Tony Vacca
Gig Seeker Pro

Tony Vacca

| SELF

| SELF
Band World Spoken Word

Calendar

This band hasn't logged any future gigs

This band hasn't logged any past gigs

This band has not uploaded any videos
This band has not uploaded any videos

Music

Press


This band has no press

Discography

Discography:
Rhythm and Flow ..... (WR0801; 2008)
Senegal-America Project ..... (WR0601; 2006)
Zen Rant ..... (WR0201; 2002)
Message From Home/Suma Deuk Waay ...... (WR0101: 2001)
Rhythm Griots ..... (WR9901; 1999)
Rhythm Mission ..... (WR9801; 1998)

Photos

Bio

Over the course of his career, Tony Vacca has made a habit of pushing the already adventurous conventions of World Music into new territory, both as a soloist and as the leader of his World Rhythms Ensemble. He was part of a wave of 20th century musicians whose work has fueled the rediscovery of the power of the drum, and the power of music to build global common ground. His fourteen trips to West Africa have contributed to his unique approach to playing the balafon, and to his depth of knowledge regarding African and American musical traditions.

All this is part of the reason he has recorded and/or performed with such a wide range of musicians. These include pop icon Sting, Senegalese Afro-pop star Baaba Maal, Jazz trumpeter and World Music legend Don Cherry, poet Abiodun Oyewole of The Last Poets, Senegalese Hip-Hop stars Gokh-bi System, and Massamba Diop, Senegalese master of the tama or talking drum.

In addition to solo performances, he often works with Senegalese performers; talking-drum master Massamba Diop, singer/drummer Backa Niang, and dancer Abdou Sarr, as well as with his Jazz/World music groups, World Rhythms Ensemble, and his latest project, Impulse Ensemble.

Tony Vacca's solo performances are a nearly non-stop athletic spectacle of percussion music and spoken word. He incorporates percussion instruments from a world of traditions that includes African, Caribbean, Asian and Middle-Eastern influences, to which he adds some of his spoken word and rhythm poetry.

Using giant West African balafons, over twenty incredible Paiste gongs, djembe, djun-djun, talking drums and an outrageous percussion drumset, Tony Vacca has created a unique blend of rhythm, word, and drum that has come to be the signature of his work. Alan Green of Music Revue Magazine said "Tony Vacca certainly walks the walk. He is more than a brilliant musician, he IS music. Even his sweat seems to fall off him in time." James Heflin of The Valley Advocate wrote, "When percussionist Tony Vacca plays, you become aware that body parts have started moving without your permission; rhythms and melodies tumble out with, on the one hand, an accessible groove, on the other hand, an ever-shifting complexity. Latch onto a 4-beat pulse, and you'll notice that it's not the only thing happening- there's a 6-beat pulse riding along, or a cascading melody that comes around at unlikely spots in the bigger pattern."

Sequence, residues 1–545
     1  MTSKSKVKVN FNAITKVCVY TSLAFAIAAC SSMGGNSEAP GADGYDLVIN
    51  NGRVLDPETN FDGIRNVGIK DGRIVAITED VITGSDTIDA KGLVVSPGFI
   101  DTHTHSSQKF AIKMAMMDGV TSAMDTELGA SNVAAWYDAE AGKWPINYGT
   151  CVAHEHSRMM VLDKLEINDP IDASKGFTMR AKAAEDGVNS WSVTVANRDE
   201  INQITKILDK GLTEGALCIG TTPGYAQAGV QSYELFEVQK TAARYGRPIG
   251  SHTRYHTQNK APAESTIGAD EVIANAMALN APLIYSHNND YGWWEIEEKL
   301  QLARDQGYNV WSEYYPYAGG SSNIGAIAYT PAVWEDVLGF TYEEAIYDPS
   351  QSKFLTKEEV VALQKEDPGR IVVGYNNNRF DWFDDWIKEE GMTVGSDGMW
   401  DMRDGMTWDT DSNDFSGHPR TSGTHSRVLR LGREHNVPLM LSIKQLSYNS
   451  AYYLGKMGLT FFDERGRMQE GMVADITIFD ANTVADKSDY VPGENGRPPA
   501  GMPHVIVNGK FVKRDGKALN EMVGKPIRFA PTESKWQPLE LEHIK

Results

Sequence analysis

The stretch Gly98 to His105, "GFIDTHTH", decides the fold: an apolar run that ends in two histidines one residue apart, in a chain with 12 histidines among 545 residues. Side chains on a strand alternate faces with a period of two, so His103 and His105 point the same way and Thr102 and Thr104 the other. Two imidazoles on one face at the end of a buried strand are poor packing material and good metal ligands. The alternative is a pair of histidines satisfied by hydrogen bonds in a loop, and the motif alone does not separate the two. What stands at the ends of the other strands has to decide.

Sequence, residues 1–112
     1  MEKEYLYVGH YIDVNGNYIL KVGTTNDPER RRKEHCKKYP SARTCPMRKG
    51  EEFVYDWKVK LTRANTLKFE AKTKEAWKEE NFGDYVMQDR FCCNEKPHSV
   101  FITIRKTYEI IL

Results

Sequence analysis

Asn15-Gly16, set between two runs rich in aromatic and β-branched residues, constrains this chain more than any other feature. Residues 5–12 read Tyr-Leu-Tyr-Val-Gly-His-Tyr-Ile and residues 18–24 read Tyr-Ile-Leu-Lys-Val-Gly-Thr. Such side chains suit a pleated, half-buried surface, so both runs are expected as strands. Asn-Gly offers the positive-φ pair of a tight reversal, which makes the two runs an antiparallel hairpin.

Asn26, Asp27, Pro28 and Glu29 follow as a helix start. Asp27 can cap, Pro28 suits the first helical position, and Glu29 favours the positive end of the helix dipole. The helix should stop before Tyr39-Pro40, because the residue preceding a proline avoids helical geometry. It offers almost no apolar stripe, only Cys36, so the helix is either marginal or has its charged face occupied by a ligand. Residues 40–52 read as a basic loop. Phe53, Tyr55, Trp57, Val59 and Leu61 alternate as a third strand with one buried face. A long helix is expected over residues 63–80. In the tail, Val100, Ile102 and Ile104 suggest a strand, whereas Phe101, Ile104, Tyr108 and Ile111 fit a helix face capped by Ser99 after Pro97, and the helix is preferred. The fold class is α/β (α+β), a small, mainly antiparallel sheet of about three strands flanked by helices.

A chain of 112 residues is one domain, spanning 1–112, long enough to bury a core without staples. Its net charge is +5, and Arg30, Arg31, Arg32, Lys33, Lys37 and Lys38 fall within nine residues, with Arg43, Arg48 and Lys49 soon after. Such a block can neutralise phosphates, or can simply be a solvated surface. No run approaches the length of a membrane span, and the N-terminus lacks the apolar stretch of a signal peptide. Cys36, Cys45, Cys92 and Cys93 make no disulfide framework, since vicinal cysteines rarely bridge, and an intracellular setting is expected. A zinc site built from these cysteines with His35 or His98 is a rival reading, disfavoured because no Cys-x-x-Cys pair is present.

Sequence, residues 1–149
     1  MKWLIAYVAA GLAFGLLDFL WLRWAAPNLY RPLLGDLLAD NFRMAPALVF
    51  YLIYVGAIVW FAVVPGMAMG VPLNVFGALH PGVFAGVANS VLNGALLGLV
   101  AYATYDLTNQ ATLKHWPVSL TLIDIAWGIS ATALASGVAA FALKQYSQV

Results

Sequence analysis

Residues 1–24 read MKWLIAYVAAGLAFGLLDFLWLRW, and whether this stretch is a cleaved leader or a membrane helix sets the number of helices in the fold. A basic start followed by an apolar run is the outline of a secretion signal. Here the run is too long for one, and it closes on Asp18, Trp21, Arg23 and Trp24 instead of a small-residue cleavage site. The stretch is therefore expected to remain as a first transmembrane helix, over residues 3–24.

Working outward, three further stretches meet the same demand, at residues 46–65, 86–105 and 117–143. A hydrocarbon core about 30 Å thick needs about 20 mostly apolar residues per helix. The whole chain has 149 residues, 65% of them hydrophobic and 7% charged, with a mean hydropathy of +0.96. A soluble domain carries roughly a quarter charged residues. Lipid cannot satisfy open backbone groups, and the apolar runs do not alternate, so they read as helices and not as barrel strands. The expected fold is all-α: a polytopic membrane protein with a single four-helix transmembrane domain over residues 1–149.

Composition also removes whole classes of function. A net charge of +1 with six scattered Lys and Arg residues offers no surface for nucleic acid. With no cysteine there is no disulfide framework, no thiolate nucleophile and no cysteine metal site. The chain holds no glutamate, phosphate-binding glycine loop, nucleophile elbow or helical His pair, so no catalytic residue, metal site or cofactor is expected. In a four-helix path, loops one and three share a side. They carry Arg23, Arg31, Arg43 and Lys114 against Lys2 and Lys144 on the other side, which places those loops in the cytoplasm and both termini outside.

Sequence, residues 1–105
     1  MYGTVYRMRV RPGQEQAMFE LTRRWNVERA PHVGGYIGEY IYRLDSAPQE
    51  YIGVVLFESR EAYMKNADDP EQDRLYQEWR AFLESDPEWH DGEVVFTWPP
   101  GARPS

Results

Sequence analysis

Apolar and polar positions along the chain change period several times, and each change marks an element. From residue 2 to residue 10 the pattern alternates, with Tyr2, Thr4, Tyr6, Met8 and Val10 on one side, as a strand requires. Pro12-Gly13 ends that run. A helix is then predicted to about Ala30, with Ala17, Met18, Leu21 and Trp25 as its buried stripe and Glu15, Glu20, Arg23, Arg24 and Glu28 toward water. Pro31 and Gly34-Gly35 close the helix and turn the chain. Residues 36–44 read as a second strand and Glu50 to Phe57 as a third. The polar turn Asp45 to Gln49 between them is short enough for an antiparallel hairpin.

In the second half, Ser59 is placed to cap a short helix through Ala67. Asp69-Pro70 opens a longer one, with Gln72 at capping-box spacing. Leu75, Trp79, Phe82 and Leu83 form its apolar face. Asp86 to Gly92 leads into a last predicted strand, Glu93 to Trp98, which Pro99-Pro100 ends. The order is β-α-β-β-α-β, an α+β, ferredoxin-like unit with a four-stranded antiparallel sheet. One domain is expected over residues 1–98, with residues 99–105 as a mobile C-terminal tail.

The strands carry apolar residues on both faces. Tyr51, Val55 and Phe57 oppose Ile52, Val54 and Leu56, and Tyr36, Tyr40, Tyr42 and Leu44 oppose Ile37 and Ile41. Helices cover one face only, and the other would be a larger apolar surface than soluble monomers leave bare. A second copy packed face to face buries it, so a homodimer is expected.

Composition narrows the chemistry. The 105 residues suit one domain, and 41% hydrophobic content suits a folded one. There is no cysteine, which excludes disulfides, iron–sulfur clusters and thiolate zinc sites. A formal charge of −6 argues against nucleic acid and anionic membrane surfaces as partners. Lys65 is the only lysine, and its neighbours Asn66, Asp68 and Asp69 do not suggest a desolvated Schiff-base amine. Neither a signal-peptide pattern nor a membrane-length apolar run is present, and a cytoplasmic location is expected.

One of the aspects of Tony's music that has brought him a lot of well-earned attention is his innovative use of the traditional giant xylophones of West Africa. Where most players who study the balafon from outside of Africa concern themselves with the folkloric, traditional songs and dances, Vacca has taken a different approach.

"A lot of folks think that I play traditional African music, or that what I play on the balafon with my ensemble is traditional to the balafon. It's easy for me to see how they get that impression. But actually, I'm immersed in the possibilities of this extraordinary instrument, and how it can be used in the confluence of traditions that makes Jazz and World Music so powerful. Part of every tradition is innovation, and as we practice our traditions and challenge ourselves, we change these traditions, and ourselves as well.

I've traveled to Senegal, Mali, Cote Ivoire and Burkina Faso; I've worked with balafon makers and players to learn about the physical qualities of the instrument, and about the spiritual power of it's music. I've studied with various players, and learned some of their songs. But all of this was simply a path towards how they use the instrument and the music in the culture-building process. The athletic playing techniques, the polyrhythms, and the spectacular presentation are all part of the attraction of the music, but for me, it really all comes down to the transmission of knowledge through the development of a personal and universal form of musical storytelling."